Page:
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Grain is a basic characteristic of film that is derived from the individual silver halide crystals randomly distributed across an image. The random distribution of these crystals creates the visual impression of graininess, which adds a distinctive look to film. In addition, different film stocks have different grain signatures.
You can use grain management tools to create convincing composites between video, or CG-generated elements, and film material. The DeGrain and ReGrain tools are useful in a number of scenarios. For example:
- If you are pulling keys from key-in film clips, film grain can make generating a clean matte more difficult. Using the DeGrain tool, you can remove the grain from the key-in clip, generate the matte from that clip, and apply the matte to the original grainy key-in clip. The result is a clean, precise matte applied to a properly grainy film clip.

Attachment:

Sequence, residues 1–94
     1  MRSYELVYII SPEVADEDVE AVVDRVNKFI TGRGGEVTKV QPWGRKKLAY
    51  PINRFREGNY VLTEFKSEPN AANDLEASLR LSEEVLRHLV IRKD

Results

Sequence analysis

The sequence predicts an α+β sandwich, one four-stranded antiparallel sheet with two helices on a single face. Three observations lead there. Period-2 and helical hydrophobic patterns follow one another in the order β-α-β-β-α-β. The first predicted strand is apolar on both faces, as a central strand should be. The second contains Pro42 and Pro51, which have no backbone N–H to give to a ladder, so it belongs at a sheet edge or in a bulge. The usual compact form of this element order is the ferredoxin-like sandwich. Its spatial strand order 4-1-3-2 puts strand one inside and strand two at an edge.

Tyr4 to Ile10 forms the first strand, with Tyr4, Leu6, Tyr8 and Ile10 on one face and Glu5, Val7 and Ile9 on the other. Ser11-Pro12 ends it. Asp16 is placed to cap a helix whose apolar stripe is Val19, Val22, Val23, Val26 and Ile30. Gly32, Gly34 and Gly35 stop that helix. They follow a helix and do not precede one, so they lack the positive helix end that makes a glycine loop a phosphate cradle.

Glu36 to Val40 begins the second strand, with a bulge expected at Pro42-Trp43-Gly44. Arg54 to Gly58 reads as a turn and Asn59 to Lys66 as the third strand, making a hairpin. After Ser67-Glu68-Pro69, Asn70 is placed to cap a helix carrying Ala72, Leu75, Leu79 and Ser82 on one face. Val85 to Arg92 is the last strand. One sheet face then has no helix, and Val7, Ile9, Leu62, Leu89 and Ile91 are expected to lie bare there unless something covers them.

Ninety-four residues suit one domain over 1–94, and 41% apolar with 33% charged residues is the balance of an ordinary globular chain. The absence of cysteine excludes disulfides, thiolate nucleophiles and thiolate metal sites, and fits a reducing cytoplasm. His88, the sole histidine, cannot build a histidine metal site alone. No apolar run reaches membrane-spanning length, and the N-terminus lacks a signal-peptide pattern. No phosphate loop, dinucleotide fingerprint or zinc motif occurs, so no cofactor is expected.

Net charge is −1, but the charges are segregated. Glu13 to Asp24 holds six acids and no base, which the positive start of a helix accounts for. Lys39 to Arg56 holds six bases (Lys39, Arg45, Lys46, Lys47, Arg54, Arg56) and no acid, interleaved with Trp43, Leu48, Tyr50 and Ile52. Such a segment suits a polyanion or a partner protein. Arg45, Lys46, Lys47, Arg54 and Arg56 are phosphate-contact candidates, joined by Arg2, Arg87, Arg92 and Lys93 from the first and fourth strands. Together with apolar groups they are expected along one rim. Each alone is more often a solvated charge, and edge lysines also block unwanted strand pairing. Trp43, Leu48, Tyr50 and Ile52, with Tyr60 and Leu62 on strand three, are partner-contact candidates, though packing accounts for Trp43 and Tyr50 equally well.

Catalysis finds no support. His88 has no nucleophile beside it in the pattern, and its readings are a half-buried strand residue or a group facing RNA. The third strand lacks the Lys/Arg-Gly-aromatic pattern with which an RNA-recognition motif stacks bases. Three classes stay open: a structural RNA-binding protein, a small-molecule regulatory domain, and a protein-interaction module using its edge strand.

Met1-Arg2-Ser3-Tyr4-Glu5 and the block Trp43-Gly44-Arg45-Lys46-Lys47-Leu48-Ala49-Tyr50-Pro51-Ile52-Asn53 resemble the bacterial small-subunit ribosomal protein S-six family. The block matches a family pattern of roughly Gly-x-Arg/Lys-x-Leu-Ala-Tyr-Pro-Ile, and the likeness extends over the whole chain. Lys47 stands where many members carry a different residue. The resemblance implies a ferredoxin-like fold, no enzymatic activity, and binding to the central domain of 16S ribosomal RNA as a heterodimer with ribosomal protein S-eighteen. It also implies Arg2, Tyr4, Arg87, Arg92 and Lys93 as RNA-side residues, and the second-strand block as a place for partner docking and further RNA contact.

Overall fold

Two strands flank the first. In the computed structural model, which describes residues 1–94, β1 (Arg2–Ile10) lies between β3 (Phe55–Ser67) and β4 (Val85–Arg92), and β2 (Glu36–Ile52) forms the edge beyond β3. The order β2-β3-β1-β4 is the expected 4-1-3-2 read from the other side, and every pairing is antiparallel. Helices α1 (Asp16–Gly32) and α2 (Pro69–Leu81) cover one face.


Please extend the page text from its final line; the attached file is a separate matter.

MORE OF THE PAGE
- If you are mixing film clips originating from different film stocks, you can match the grain in the clips to make the grain in your results look consistent.
- If you are working with footage originally shot on film and transferred to video, you can remove the grain and match the film material with video material.
- If you are working with video material or CG-generated elements, you may want to add grain to the clips to result in a film look.
- You can use DeGrain tools to remove grain from film clips before performing any image processes. After you are finished, you can use ReGrain tools to restore the film grain to the final result.
Grain management workflow, much like working with LUTs, depends heavily on the specific qualities of the media you are working with. Use the procedures described in the following sections to put together the processing steps that you need to get the results that you want.